Not in the clamor of the crowded street, not in the shouts and plaudits of the throng, but in ourselves, are triumph and defeat.--Henry Wadsworth Longfellow
REDIRECT ALERT! (Scroll down past this mess if you're trying to read an archived post. Thanks. No, really, thanks.)
Due to my inability to control my temper and complacently accept continued silliness with not-quite-as-reliable-as-it-ought-to-be Blogger/Blogspot, your beloved Possumblog will now waddle across the Information Dirt Road and park its prehensile tail at http://possumblog.mu.nu.
This site will remain in place as a backup in case Munuvia gets hit by a bus or something, but I don't think they have as much trouble with this as some places do. ::cough::blogspot::cough:: So click here and adjust your links. I apologize for the inconvenience, but it's one of those things.
Friday, January 30, 2004
It’s been a while since I posted any lengthy quotations out of old books I have--I finally plumbed Everyone’s Writing Desk Book for all it had in it aside from the synonyms-antonyms-homonyms section. SO, I figured I would rummage through my other stuff and see what I could find.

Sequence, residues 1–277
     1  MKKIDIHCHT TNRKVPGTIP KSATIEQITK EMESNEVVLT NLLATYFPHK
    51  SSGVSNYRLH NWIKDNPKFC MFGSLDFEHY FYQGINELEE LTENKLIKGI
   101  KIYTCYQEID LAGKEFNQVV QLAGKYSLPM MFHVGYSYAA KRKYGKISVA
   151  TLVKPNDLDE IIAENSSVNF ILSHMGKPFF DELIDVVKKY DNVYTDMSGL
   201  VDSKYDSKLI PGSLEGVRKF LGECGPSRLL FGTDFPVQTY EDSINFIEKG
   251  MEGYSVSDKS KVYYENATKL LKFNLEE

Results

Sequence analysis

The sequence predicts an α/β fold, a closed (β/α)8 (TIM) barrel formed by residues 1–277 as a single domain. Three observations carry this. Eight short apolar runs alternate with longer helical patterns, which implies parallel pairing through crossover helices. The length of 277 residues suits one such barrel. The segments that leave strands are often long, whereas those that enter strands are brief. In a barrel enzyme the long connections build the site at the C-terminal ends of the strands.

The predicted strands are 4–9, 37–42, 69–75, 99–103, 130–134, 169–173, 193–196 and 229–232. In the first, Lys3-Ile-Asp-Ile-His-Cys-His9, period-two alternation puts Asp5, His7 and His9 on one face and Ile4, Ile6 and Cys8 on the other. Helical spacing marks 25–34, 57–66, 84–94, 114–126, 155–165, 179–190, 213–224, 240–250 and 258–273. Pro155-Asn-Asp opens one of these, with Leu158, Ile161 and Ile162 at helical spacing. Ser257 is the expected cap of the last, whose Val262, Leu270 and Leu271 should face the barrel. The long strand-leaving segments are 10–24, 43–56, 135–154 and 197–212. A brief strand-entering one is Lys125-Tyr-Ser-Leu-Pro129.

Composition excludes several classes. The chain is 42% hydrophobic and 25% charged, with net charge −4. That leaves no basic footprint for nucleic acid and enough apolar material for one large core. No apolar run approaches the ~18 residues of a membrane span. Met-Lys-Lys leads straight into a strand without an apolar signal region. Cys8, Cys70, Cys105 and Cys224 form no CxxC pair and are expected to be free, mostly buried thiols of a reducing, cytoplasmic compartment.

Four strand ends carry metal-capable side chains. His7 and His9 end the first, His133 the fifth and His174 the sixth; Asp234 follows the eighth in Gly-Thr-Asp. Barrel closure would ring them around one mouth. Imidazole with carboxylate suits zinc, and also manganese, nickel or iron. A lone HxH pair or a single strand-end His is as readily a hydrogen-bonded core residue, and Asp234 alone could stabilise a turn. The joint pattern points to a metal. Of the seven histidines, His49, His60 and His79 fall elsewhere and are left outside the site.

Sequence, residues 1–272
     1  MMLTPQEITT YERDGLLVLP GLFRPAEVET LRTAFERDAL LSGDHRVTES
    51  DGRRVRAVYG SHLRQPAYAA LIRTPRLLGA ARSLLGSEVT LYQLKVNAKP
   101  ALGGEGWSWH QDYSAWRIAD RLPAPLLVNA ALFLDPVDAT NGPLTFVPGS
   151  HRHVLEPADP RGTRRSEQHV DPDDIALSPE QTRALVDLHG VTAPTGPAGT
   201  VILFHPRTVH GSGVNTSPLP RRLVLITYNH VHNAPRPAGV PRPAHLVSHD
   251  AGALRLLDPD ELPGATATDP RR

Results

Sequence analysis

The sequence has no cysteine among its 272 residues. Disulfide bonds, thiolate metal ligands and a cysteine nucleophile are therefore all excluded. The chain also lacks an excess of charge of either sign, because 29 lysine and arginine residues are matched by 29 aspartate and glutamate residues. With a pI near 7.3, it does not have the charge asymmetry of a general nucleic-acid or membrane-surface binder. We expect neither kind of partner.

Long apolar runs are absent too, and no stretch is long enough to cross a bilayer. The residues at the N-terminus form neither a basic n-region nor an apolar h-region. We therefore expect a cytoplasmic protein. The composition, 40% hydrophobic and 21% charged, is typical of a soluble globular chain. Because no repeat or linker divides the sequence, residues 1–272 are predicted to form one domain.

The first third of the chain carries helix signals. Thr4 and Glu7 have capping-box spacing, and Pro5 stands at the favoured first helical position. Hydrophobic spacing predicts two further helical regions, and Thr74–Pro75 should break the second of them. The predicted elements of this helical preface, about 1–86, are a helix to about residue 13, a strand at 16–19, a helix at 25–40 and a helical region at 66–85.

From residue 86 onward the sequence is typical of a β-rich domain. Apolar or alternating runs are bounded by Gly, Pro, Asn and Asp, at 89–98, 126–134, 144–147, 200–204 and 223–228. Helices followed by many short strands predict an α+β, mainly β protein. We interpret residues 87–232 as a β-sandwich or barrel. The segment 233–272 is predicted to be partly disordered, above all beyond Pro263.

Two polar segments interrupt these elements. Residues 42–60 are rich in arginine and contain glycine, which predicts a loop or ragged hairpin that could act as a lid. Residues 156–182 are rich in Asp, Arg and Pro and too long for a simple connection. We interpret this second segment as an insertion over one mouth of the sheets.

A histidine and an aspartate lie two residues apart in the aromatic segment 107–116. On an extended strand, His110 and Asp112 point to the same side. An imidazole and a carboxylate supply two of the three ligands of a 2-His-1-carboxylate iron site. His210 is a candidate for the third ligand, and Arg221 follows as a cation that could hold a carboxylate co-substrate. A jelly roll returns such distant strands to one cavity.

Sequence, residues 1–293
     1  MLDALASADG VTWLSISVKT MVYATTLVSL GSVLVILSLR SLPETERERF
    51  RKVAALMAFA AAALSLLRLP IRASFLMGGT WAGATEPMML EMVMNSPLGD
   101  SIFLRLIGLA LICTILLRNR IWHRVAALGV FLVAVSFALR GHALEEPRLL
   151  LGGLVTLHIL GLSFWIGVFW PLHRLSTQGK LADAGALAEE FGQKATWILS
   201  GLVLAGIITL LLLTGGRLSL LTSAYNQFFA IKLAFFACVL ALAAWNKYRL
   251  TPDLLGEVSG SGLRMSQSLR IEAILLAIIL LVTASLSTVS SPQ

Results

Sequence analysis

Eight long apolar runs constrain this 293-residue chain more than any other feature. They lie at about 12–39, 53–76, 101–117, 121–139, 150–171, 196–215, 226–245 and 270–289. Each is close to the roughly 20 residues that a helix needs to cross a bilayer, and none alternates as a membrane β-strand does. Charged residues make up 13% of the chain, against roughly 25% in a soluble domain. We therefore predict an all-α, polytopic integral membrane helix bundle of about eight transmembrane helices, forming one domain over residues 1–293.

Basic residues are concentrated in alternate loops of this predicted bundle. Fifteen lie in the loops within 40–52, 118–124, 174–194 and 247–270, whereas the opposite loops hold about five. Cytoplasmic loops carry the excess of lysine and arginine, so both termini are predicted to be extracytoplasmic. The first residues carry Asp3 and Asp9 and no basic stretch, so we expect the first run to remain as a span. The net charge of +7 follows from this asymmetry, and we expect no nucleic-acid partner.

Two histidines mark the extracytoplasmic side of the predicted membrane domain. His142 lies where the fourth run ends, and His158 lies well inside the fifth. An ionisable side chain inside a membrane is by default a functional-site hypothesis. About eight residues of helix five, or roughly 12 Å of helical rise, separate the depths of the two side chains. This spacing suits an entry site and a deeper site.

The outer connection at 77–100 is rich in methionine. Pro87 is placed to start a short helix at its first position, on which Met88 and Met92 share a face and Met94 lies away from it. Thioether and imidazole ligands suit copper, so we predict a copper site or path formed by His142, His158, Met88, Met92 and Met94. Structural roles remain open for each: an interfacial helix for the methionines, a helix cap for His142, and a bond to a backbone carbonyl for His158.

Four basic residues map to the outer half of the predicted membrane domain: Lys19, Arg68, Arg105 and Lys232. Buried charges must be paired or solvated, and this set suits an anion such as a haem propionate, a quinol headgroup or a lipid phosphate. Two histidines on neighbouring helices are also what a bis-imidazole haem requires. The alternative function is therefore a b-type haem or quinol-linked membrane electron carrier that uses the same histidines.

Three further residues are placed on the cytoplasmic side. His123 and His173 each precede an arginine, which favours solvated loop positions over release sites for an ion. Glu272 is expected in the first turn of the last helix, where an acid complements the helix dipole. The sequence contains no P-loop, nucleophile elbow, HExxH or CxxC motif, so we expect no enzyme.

I have a modern reprint here of a book entitled, Plain Concise, Practical Remarks on the Treatment of Wounds and Fractures, by John Jones, MD. I purchased this from a wonderful place called the King’s Arms Press and Bindery, who specialize in reprints of 18th century publications and ephemera, with a particular focus on military and political treatises of the Revolutionary War period.
According to their website, the book I have is a copy of a “rare work of 113 pages printed in New York in 1776 and contains much detailed information of the treatment of wounds and fractures as well as hints on the design and use of military hospitals. Among the chapters included are, Penetrating Wounds of the Thorax and Abdomen, Of Simple Fractures, Of Compound Fractures, On Amputation, Of Gun-shot Wounds, &c.”
Believe it or not, it really is interesting (even with the chore of reading something full of “long esses” and ligatures). The discourse seems vigorously scientific on one hand, but the outcome of that supposed scientific knowledge points to a profound ignorance of the nature of disease--some of the treatments had not changed since Galen. Lots of bleedings and purgatives and minute observations of humourous imbalances, and biting upon rolled up cloths to alleviate pain during the more uncomfortable procedures.
Oftentimes, our modern stereotype of doctors during this time is that they were cruel men not far removed from pure quacks, but despite describing some rather grisly treatments, the overall tone of Dr. Jones’ book is nonetheless one of great kindness and compassion toward the suffering patient.
In the Introduction, Dr. Jones delves into his opinion of what becomes a good Surgeon-- Sounds pretty good to me, even after 228 years.
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